As governments discuss how to implement the Paris Climate Agreement at the COP24 in Katowice, today the Budget and Economic Affairs committees of the European Parliament failed to prevent further public investments in fossil fuels under InvestEU, the EU’s financing tool to attract private investments – say NGOs group CEE Bankwatch Network, Climate Action Network (CAN) Europe and Counter Balance.

Today the Budget and Economic Affairs of the European Parliament were called to vote on InvestEU, the successor of the ‘Juncker Investment Plan’ for the next EU budget post-2020 [1]. The new tool proposed by the Commission is set to leverage up to €650 billion of private investments around Europe [2],

The Parliament adopted a 40% climate target for climate-friendly investments under this programme, which represents a key step to point EU finance towards the right path to align with the Paris Agreement [3].

The regulation also sets a positive trend extending climate, environmental and social sustainability proofing to all projects under Invest EU. If well implemented, this measure has the potential to minimise detrimental impacts and maximise benefits on climate, environment and social dimension.

And yet, the vote by the two Parliament committees proves incoherent with the EU climate commitments touted at COP24, as it falls short of providing concrete measures to ensure genuine alignment with the Paris Agreement.

Under the approved regulation fossil fuel investments still remain eligible, and in particular support to gas infrastructure – warn CEE Bankwatch Network, Climate Action Network (CAN) Europe and Counter Balance. In addition, the text fails to prioritise energy efficiency projects and contribution to a fair energy transition in Europe.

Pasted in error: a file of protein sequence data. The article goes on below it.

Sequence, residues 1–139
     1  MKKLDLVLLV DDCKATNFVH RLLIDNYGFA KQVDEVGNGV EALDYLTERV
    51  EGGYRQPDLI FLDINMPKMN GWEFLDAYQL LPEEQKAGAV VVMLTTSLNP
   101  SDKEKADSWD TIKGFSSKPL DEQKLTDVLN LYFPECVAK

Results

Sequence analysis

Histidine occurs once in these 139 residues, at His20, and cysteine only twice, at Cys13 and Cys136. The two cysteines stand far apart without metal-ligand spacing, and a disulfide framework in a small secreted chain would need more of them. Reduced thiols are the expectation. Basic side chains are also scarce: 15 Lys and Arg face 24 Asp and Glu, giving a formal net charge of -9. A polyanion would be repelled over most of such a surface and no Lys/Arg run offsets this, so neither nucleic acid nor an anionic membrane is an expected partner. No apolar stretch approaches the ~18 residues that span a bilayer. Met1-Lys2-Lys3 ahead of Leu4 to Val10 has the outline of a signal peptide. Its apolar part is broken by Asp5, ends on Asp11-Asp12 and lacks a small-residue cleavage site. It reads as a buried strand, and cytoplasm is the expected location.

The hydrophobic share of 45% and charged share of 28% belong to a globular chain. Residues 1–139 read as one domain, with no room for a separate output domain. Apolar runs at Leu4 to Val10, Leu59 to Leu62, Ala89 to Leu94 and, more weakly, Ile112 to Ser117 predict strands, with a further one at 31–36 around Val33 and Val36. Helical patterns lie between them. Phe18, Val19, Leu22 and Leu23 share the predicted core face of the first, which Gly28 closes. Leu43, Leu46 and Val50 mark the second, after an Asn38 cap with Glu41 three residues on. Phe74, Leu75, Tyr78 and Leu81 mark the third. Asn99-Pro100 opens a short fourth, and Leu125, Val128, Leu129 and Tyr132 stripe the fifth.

Xavier Sol, Director at Counter Balance, said:

“Today’s vote goes in contradiction with the stated climate objectives of the EU. While claiming to be a climate champion, the EU still gives a blank check to future fossil fuels subsidies, which means that European public money could still be invested in dirty projects in 2026 or 2027. Discussions over InvestEU have so far mainly focused on governance issues, but we hope the Parliament will pay more attention to the climate in its vote in Plenary”.

Markus Trilling, Finance and Subsidies Policy Coordinatorat Climate Action Network Europe, said:

“The Commission recently published proposals to achieve zero-net greenhouse gas emissions by 2050. That requires ending support for fossil fuels and high-carbon infrastructure today. Pouring taxpayers’ money into fossil gas all the way till 2027 would dramatically lock Europe in climate-harmful developments for many decades and beyond 2050, which is unacceptable and incompatible with staying below 1.5°C.”

Anna Roggenbuck, EIB Policy Officer at CEE Bankwatch Network, said:

“The EU public finance doors have to be shut for fossil fuels once and for all. The European Investment Bank, who will be the main direct beneficiary of guarantees from the InvestEU, in the last 6 months only has been considering 9 new gas transmission and distribution projects. Instead of enabling such climate offense InvestEU should mobilise energy efficiency and renewables for energy transformation.”

Notes to editors:

[1] The text adopted today by the European Parliament’s Committees on Budget and Economic and Monetary Affairs is expected to go for a vote in plenary session on 15 January 2019.

[2] InvestEU will be equipped with a €15.2 billion guarantee fund, expected to leverage forty-times this amount in private investments via the European Investment Bank (EIB) and national promotional banks.

[3] InvestEU will have a target of 40% for climate investments, which does not go further than the current climate target under the European Fund for Sustainable Investments, but still represents a step forward compared to the 30% target proposed by the Commission.